As the mother of three young children, I’m unsurprisingly asked by family members each Christmas what gifts they should purchase for my children. It is becoming increasingly hard to answer this simple question year after year because I feel like my children already have everything, and unfortunately value almost nothing. They are bombarded with gifts occasion after occasion, and are frequently given gifts for no occasion.
Most presents they receive are torn from its packaging, played with for 1-2 hours, shifted to the side, and then eventually moved to a shelf in the playroom with only dust bunnies for company. The playroom becomes dominated by abandoned toys, making the space a mess and downright unpleasant. My children understandably abandon the playroom for nicer rooms like the living room. Eventually, when adult territory becomes increasingly infiltrated with toys (and after slicing my foot open on a Lego for the third time during the same day), I attack the playroom armed with garbage bags and boxes to sort through toys that need to be recycled, trashed, or donated. What saddens me is that after such a purge, my children do not even notice that two-thirds of their toys are gone.
As frustrating as this all makes me, I can also sympathize with my children. Does 7-year old Dominic feel a difference when building from 1 tub of Legos as opposed to 10? Is it realistic for 4-year old Robyn to differentiate 8 dolls? And Evan? I’m still not even sure what he likes to play with, regardless of the fact he’s been given multiple play sets, stuffed animals, and sports equipment during his short 1.5 years. My children are given too much too often, and thus place almost no value on any particular gift.
I’ve spent more recent years focusing my families’ gift-giving energy away from toys. Instead of introducing the playroom dust bunnies to a new set of friendless toys, I’ve suggested to family members to put money towards art classes, spring soccer fees, movie theater gift certificates, and other non-toy ideas. The end results have been many and positive. First, my house is tidier. Not only is there less stuff in the house, but the subsequent overflow of toys from the playroom into the rest of the house has vanished. Second, my children have more things to do, some of which involve the whole family. Third, my husband and I receive help paying for activities our children enjoy. In an age where a dollar could not buy you a dust bunny, our families’ support for these activities has helped relieve the financial burden of raising three children.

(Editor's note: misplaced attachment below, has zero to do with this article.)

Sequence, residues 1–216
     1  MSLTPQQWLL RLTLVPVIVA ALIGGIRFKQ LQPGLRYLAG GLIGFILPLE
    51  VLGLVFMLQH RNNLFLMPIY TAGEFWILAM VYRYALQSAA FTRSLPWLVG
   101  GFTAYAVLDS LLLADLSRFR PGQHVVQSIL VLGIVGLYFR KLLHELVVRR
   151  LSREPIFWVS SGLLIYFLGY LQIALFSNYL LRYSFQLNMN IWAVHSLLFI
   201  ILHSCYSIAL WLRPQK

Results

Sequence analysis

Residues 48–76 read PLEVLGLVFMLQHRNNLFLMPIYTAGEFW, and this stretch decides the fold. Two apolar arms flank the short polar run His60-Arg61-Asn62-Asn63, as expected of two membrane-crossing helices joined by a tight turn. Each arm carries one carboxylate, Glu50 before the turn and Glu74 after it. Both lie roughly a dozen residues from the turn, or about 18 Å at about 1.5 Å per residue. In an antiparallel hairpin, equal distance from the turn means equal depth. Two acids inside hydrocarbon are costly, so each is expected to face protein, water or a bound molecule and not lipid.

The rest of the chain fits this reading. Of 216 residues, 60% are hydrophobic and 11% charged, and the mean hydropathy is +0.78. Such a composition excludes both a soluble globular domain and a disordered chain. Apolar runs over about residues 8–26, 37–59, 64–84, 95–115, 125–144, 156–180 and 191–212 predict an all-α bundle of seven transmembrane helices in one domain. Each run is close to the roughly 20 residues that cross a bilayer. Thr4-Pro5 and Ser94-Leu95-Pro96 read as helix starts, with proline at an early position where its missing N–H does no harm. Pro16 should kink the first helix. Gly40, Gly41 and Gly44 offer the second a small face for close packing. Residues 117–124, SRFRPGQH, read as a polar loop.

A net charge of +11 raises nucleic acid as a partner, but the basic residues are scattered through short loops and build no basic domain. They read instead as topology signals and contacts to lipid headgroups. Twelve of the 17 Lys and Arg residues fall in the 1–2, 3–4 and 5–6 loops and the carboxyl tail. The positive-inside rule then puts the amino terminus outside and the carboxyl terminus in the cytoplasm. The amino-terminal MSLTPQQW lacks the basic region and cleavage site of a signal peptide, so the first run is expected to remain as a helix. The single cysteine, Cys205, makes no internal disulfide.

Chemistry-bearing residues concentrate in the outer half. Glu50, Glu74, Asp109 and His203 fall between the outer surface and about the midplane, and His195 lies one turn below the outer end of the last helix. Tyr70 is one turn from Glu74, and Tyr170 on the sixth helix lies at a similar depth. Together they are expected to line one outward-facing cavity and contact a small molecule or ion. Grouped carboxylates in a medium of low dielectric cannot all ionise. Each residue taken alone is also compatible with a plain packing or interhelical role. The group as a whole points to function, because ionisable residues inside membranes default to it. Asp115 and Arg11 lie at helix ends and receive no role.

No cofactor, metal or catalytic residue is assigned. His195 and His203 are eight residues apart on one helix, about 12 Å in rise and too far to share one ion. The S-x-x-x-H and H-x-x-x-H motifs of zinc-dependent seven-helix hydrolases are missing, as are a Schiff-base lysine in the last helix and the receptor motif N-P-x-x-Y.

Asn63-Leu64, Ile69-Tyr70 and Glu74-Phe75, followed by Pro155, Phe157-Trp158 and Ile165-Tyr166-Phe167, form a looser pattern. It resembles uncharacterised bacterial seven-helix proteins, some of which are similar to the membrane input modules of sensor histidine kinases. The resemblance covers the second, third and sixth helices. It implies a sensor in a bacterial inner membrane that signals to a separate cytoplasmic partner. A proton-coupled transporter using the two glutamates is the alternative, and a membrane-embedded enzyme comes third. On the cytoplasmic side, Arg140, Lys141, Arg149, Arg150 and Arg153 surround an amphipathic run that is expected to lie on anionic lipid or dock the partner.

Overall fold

Fourth, and most importantly, it has reduced the flow of goods through my house and made my children care for their toys. Perhaps Dominic will not leave Legos everywhere since he needs each and every piece he owns to construct his current masterpiece. And maybe Robyn will no longer think it a good idea to tattoo her doll with a Sharpie marker since she has only one left. And Evan? I still don’t know what he plays with, but saw him chasing dust bunnies in the wide-open, kid-friendly playroom.
– Liz Fanning Holdorf, Great South Bay Dance